I replied that I did not feel quite well enough acquainted with Theodora and Ellen yet, to ask such a favor; but as Halstead seemed to feel hurt that I hesitated about it, I finally promised to speak to them, although I disliked the errand.

Next day was Sunday, and after breakfast we all set off, except Ellen and Gram, to go to the old meeting-house, called the "chapel," three miles distant, on a road leading westward from the farm. It was a very hilly road, and we three boys walked; but Theodora and Wealthy rode with the Old Squire in the two-seated wagon.

I had been accustomed to go to church in a more handsomely furnished edifice, and the old chapel seemed, at first, very rude to me. It was a weather-beaten structure, having a high gallery across one end and an almost equally high pulpit at the other. The floor was bare, and the box-shaped pews were not many of them provided with cushions. There was a great clatter of feet when the people came in, and the roof gave back hollow echoes.

The Old Squire and Gram were nominally Congregationalists, and the old meeting-house had once belonged to that sect; but becoming reduced in numbers, and being unable to support a clergyman of that denomination during the entire year, they had allowed the Methodists, and finally the Second Adventists, to hold meetings there.

The Old Squire, indeed, was by no means a strict sectarian; he attended the Methodist service and sometimes, not often, the Adventist. Gram was more conservative and did not go, as a rule, except when there was a Congregationalist minister, although she always spoke well of the Methodists; and the Methodist Elder Witham (the same who took the Vermifuge) frequently visited at the farm.

"All Christians are good people," Gramp was accustomed to say.

"Well," Gram would reply, placidly, "I cannot help believing that we (meaning the Congregationalists) are in the right."

The Old Squire's chief objection to the Adventists was, that their preachers had come into the place uninvited, and, by their zealous efforts, had caused a considerable number to withdraw from the church, thus breaking up the Congregationalist Society in that town.

"I do not take it upon me to say who is right and who is wrong on these great religious questions," the old gentleman used to remark, when the subject came up. "But I disapprove of sowing the seeds of dissension in any church." However, he used sometimes to go to hear the Adventists' ministers.

It was Elder Witham's turn to preach that Sunday. He was a tall, spare man, and he preached in a long linen "duster." For one I became quite a good deal interested in the sermon, for the preacher began very pleasantly by telling us several short anecdotes. Toward the close of his discourse, he became very earnest and raised his voice quite near the shouting pitch.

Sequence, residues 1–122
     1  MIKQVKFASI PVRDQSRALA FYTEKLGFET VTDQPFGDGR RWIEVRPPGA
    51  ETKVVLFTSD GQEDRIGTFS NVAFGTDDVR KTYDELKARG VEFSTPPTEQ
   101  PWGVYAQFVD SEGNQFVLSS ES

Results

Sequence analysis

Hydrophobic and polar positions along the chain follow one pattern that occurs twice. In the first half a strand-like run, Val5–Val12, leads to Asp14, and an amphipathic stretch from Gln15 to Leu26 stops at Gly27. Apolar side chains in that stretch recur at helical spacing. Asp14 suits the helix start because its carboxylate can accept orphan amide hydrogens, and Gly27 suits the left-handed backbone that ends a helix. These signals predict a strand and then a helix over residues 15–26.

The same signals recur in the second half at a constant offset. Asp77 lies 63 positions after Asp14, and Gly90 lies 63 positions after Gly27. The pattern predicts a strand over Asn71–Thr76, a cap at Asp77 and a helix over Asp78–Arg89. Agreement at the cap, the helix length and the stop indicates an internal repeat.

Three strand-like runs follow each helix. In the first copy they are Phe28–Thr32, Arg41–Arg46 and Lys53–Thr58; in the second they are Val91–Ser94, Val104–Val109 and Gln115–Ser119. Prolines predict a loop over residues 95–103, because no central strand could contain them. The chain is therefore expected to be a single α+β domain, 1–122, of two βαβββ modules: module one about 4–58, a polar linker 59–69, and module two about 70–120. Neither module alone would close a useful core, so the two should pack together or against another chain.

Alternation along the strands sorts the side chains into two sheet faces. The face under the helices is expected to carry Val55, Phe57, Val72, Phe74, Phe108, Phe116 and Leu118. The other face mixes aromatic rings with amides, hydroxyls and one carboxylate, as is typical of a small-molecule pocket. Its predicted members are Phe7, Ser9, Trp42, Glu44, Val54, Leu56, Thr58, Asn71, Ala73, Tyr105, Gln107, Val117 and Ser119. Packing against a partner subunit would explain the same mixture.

During intermission, there was an attempt made to organize a Sunday school. The boys and girls were seated in classes in the pews, and teachers were appointed from the older members of the church.

There was a small Sunday-school library, consisting of quaint little books with marbled covers. Each of us was permitted to carry home one of these small volumes; and I recollect that my book that Sabbath was entitled Herman's Repentance.

The Elder rode home with our folks to tea, and Theodora walked with us boys. There were six or eight others walking with us, the sons and daughters of neighbors, to whom Theodora kindly introduced me: Georgie and Elsie Wilbur, very pretty girls of about Ellen's age, also their brother Edgar, near my own age, and a large, awkward but smiling youngster, whose name was Henry Sylvester, whom the others called "Bub." An older boy of rather swaggering manners overtook us on our way, and began talking patronizingly to me, without an introduction. His name was Alfred Batchelder. We also overtook a boy named Willis Murch, who had stopped to sit, waiting for us, on a large rock beside the road. The Murch family lived a mile beyond the Old Squire's to the northwest.

The quiet of the walk homeward was somewhat broken in upon, however, by a scuffle and some hard words betwixt Halstead and Alfred Batchelder.

As we came near the great gate opening into our lane, Theodora walked up to the house with me, a little behind the others, and told me, confidentially — for my good, I suppose — that Alfred Batchelder was deemed a reckless chap whose character was not above reproach. I, on my part, seized the opportunity to proffer Halstead's petition for the loan of twenty-five cents.

"I could lend it to him," she replied, "and so can Ellen, I think."

But she seemed thoughtful, and by and by asked me to tell her all that Halstead had said. I did so, and added that he did not wish Addison to know about it.

"I am sorry for that," she said, "for I should like to ask Ad's advice. But I suppose we had better not tell him, if Halse is unwilling."

Later that evening she gave me the money, along with twenty-five cents from Ellen. I handed it to Halstead that night, a dollar and a quarter in all. He appeared much pleased.

"Does Ad know it, or the old gent?" he asked me, and cried, "Good!" when I said they did not.

He sat on the side of the bed and tossed up the five quarter pieces, catching them as they fell.

"I know a way to get plenty of these fellers," he remarked to me at length.

"What makes you borrow of the girls, then?" I asked.

"O, you needn't be scared. I'll soon pay you all," he retorted.

But I had begun to doubt that the money was to pay for a poor farmer's seed-corn.